As far back as one can go, during the Roman Empire, it is now recognized that the bride was dressed in a white dress and a crown of orange blossoms. This custom was obviously forgotten in Medieval times. Depending on historians, this tradition was taken up: either by Anne of Brittany in 1491 who by choosing a white dress wanted to affirm her virginity (she had been married by proxy 1 year before, in 1790, to Maximilien I), or around the mid-eighteenth century (1750) when women, for their marriage, dressed in white to mark their virginity, taking precedence over bourgeois rather than aristocratic values.
The 19th century, birth of the white wedding dress as a tradition
Following stories of Queen Victoria’s wedding, other European figures have followed suit. The new robes were luxurious: whiten clothes was not obvious to 19 th century, and the white robes were difficult to keep in condition. Unlike today, wedding dresses were worn many times in a lifetime; even Queen Victoria had put it on again for other occasions. As white dresses gained popularity for weddings, they also took on a new symbolic dimension – associated with purity and innocence, as well as wealth. White also looked good on early photographs that were black and white or sepia.
Hollywood wedding performances, along with the speed and ease with which people could view images of celebrity weddings, helped anchor the idea that marriage required a white dress. In 1956, video footage and photos of Grace Kelly in her wedding dress – made of lace, silk, pearls, and tulle – quickly toured the world. In 1981, 750 million people watched Charles, Prince of Wales, marry Lady Diana Spencer in an ivory-colored silk taffeta dress with a seven-meter-long train, signed by David and Elizabeth Emanuel. Most recently, the Alexander McQueen dress made by Sarah Burtonfor, Kate Middleton, and the Givenchy dress designed by Clare Waight Keller for Meghan Markle immediately caught on.
White anyway takes the lead as THE color for the bride with the advent of the 20th century and its position was not challenged for nearly 100 years. Fashion historians are convinced that the color of snow owes its popularity to ancient marble statues discovered during excavations around Pompey and various Greek islands. These discoveries had a significant impact on the fashion of white and remains the color of choice for the majority of brides around the world.
In the 1920s and 1930s the legendary Coco Chanel drastically shortened the length of dresses and endorsed the fashion for long-sleeved dresses.
In the 1950s, Christian Dior brought back the corset, but it was only 10 years later that the skirts shortened to the knees or even above. In the late 1960s, rebellious young couples tended to shy away from marriage traditions. Many brides at the time preferred to say goodbye to lace and flamboyance, and got married in colorful outfits instead of traditional white wedding dresses.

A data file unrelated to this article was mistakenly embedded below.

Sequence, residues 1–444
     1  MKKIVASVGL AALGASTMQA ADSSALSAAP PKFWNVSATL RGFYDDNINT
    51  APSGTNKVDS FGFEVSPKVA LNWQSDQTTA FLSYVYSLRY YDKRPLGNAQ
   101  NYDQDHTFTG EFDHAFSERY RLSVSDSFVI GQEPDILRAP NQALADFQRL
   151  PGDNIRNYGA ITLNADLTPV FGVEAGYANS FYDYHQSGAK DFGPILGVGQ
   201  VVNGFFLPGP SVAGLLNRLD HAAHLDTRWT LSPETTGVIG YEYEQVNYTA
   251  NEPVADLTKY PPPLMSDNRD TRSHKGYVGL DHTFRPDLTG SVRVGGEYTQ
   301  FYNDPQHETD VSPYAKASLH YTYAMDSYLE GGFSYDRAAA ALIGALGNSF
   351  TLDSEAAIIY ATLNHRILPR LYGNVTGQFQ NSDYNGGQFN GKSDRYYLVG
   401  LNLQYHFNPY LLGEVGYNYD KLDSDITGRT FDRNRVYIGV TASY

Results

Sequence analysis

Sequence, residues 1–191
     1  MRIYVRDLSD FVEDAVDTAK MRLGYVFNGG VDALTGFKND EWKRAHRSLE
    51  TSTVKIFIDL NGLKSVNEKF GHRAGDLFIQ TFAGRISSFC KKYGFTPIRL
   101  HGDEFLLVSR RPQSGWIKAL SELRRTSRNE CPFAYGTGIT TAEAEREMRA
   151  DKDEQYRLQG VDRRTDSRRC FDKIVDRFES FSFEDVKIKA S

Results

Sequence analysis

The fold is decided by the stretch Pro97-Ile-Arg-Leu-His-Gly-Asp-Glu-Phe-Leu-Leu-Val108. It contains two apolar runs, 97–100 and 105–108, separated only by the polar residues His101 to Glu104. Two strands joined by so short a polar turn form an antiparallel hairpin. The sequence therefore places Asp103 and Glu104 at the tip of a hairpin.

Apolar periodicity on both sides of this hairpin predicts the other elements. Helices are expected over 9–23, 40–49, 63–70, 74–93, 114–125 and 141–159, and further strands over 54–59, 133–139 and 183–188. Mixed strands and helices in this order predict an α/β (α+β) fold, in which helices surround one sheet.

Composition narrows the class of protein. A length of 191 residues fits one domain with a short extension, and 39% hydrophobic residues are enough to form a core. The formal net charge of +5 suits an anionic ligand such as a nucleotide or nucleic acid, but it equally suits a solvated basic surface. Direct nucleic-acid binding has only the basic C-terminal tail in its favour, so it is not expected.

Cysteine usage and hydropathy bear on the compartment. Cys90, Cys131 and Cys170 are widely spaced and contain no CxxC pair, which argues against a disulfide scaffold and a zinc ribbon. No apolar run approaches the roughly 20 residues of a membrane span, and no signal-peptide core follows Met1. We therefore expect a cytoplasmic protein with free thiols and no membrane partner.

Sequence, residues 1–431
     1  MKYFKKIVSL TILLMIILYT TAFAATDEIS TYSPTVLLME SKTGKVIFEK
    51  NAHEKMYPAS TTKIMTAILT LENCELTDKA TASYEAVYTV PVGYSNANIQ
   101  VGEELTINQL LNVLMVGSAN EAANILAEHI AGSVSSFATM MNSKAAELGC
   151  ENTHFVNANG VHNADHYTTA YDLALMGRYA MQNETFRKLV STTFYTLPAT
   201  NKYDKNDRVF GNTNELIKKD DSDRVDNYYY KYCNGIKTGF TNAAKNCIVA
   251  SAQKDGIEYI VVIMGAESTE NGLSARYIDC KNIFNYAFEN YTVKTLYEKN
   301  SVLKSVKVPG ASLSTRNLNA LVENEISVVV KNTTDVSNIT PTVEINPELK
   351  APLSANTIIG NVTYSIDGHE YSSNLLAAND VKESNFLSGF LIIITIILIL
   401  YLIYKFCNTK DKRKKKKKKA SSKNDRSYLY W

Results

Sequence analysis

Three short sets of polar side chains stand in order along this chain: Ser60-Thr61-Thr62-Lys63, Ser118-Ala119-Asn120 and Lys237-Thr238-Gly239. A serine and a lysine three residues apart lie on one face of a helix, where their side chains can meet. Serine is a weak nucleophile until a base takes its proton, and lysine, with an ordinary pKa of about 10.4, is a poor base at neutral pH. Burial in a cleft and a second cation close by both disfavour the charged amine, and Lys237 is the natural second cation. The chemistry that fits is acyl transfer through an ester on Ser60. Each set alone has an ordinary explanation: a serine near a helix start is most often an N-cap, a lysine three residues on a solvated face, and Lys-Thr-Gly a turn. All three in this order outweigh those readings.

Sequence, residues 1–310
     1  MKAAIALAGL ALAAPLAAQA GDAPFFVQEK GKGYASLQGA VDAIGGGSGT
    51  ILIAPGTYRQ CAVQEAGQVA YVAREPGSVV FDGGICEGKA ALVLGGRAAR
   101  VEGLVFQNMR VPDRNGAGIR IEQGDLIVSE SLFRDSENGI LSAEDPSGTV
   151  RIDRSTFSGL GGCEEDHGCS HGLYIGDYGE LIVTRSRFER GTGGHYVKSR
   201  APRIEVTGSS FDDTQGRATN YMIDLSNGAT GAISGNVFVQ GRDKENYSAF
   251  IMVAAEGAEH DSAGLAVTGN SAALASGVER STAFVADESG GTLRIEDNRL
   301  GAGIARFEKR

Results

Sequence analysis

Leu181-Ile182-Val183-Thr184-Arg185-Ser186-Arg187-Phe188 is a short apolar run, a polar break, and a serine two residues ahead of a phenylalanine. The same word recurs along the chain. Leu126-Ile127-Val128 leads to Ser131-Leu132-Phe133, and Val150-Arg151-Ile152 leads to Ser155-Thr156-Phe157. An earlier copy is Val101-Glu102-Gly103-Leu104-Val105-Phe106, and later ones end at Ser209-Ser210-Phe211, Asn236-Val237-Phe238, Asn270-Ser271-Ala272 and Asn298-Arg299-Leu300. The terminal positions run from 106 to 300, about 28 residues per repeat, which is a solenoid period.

Brides today are so different from their ancestors and some extreme trends like getting married in pants are a testament to this.
We must keep in mind that over the centuries fashions but also traditions have strongly influenced the outfit of the bride and groom.
Wedding dresses that have become the highlight of fashion shows
Added to this is the tradition of closing fashion shows with a white wedding dress. Designers had already been making wedding dresses for private clients for a long time, and during the first half of the 20th century some of them appeared on the parades of the summer collections. This is particularly the case with the white wedding dress imagined by Jeanne Lanvin for the wedding of her daughter Marguerite Marie-Blanche to Count Jean de Polignac in 1924.
The tendency to end a parade with a white wedding dress dates back to the 1940s or 1950s. In any case, the tradition was already well established in 1957 – an article in American Vogue from April 1957 relates that ” the Parisian spring collections … Usually end with the presentation of a wedding dress “. Some of them caused a sensation, like the cocoon dress by Yves Saint Laurent in 1965, and have become iconic.
A few recent celebrity weddings, however, could lead to a break with tradition. Reese Witherspoon’s soft pink dress at her wedding in 2011 boosted sales of pastel-hued wedding dresses in some of the top bridal shops in the United States. While on the catwalks, Adut Akech closed the Chanel Haute Couture fall-winter 2018 show with a two-piece mint tweed suit. Almost 180 years after Queen Victoria’s wedding, it may be time to bring some color to the wedding.
The color white, a symbol of virginity conveyed by the church
Nowadays, even if fantasy is allowed, the wedding dress is mostly in white or ecru tones. Where does the tradition of this color historically come from for the holding of the conjugal union? In a large number of cultures such as China or Africa, the color white is associated with mourning and death. The meaning of white has its origin in our Western society and in particular the influence of the Church.
It’s from the Empire and especially the late nineteenth century, the white is necessary, even if it was Mary I (known as “Mary 1 st of Scotland) who was the first to wear a dress white when he married Francois II in 1558. The reason was simple: white was the color of his family, the Dukes of Guise.